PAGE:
St. John sewer plant site still to be decided

Published 12:00 am Tuesday, July 5, 2005


Staff Reporter

LAPLACE — There was no recommendation for a location to put a regional sewer plant at the St. John the Baptist Parish Council meeting Tuesday night, but work is still in progress and answers are to be presented by the next meeting on July 12 in Edgard.

At the council meeting on June 14 Councilman Ronnie Smith asked Parish President Nickie Monica to come up with a recommended site to construct a regional sewer plant in two weeks.

“Do you have a solution?” Smith said. “It’s been two weeks.”

Monica responded, “Not yet.”

In Monica’s defense Parish Engineer C.J. Savoie took the floor and explained why there was no answer.

“He doesn’t have an answer, because we are still stuck on the site at Dupont, because it is still the best location,” Savoie said. “The power-point showed other locations, but they cost a lot more money. The council doesn’t want to spend that much more money. Two weeks is just not enough time to make a big decision like this.”

Councilman Cleveland Farlough said Dupont wasn’t available anymore and he doesn’t want to hear it mentioned anymore.

“We have been looking at Dupont for two years,” Smith said. “It cannot happen, so if we don’t do something else as soon as possible, it will be two more years of going through this.”

Smith suggested the council move forward by choosing the Pond South site in Reserve.

Savoie added they couldn’t do anything without finding out if that land is even available and if the Parish could afford it.

Councilwoman Jaclyn Hotard said by the next meeting they need to have that information, because it is critical for making a decision.

Savoie said the DHH demanded a solution to this problem within two weeks, because of complaints from residents.

“We ask for a recommendation and we get, not this time,” shouted Councilman Dale Wolfe. “When, Nickie?”

“We talk, talk, talk,” said Council Chairman Joel McTopy. “But we don’t get done, done, done.”

Monica later explained that he has been working on this problem since he cam into office.

“I presented a short-term and a long-term solution to the council in 2000,” Monica said. “I was given permission by the council to use $500,000 to investigate the infiltration systems in Reserve, because that is where most of the problems were. We tested it and we are committed to fixing it.”

The Parish spent $1.5 million and eliminated 80 percent of the infiltration problems and 50 percent of two streets in Reserve, according to Monica.

“After we alleviated those problems we got another $500,000 to alleviate more areas in Reserve,” Monica said. “We decided we needed a regional sewer plant and received $200,000 from Washington to do a study on a location for the plant.”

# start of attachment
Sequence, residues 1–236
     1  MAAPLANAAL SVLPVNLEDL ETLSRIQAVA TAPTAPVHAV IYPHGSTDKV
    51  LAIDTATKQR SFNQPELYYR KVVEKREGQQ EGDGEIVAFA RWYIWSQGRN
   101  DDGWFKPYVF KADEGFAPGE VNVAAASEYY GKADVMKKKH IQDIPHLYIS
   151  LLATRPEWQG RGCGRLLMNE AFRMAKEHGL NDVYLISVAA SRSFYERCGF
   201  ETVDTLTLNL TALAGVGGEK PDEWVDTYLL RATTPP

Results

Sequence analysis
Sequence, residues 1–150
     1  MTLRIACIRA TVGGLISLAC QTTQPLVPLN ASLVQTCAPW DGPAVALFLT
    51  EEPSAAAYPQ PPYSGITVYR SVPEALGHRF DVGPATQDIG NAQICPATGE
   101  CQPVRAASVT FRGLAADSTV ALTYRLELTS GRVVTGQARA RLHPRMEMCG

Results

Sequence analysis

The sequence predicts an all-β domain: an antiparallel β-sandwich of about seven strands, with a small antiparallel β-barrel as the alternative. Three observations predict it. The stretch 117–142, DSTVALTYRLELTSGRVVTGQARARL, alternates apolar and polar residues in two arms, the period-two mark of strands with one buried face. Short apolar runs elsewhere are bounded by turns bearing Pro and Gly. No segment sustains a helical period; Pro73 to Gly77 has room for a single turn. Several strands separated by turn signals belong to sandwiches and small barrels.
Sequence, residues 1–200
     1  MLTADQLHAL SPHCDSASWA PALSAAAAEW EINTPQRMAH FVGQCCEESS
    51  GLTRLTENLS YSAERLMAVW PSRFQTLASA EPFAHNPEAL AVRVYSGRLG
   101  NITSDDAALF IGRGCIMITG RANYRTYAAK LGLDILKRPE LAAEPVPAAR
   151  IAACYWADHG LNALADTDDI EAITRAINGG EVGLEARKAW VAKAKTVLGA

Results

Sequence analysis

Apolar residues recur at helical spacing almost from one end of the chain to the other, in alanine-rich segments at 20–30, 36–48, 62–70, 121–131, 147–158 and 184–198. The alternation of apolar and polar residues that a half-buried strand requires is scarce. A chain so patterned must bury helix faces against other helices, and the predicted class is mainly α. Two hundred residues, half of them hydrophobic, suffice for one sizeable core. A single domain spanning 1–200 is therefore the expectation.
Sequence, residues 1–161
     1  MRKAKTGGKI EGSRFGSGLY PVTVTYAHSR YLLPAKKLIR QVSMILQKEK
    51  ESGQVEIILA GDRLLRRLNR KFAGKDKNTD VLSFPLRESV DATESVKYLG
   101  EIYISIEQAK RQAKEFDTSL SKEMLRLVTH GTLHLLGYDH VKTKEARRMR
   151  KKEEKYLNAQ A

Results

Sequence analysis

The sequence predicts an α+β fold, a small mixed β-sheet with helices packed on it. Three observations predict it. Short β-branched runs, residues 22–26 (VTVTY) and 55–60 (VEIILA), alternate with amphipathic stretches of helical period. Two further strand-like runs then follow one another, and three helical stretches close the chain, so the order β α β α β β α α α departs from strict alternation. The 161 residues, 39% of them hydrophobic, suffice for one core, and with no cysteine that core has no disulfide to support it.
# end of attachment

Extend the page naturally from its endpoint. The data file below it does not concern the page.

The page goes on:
Monica said they came up with a perfect site involving land purchase from Dupont.

“After the study, it came time to buy land from Dupont,” he said. “But a group of residents from a nearby area got together and convinced the council that it was not a good idea.”

Monica said the Parish also received $250,000 from the Lake Ponchartrain Basin Foundation to correct the problems with infiltration in LaPlace.

“It took us three years to get to this point,” he said. “I didn’t want to make such a big decision on this in such little time on a project that will cost three more million dollars than the previous chosen site. Planning takes time and funding to do it takes time, but I am committed to this problem and I have been since I came in to office in 2000.”

The Parish has already spent $2 million in Reserve, $700,000 in Garyville and just received another $500,000 to continue fixing these problems, according to Monica.

“We work hard every day to alleviate the sewer problems,” he said. “I stand up for my administration, because we do respond to these problems and it is not right to be accused of not responding. We pay for people to answer the 911 calls on nights and weekends for different sewer situations and have people on hand to help and investigate every complaint.”

Monica said he has presented these problems in front of the council three different times and will not be accused of not doing his job.

“We pay a lot of money for engineers to be the experts and advise me and the council in coming up with a location for a regional sewer plant,” he said. “Now we have been mandated by the DHH to get a solution. We have been reviewing all the possible sites, and we continue to work hard on this everyday.”

Monica said 98 percent of the people don’t have a sewer problem, but realize the best location would have been at Dupont.

“A small group of people made a decision for the whole Parish,” he said. “We have a Parish-wide sewage facility, you will have problems with a facility that large. Dupont was the most logical and feasible location.”

Monica said residents of St. John Parish owns and pays for the sewer plant and he manages it.

“When they report us, they are reporting themselves,” he said. “We are all in this together.”

Monica said the Parish has been working diligently on this problem and has documentation to prove it.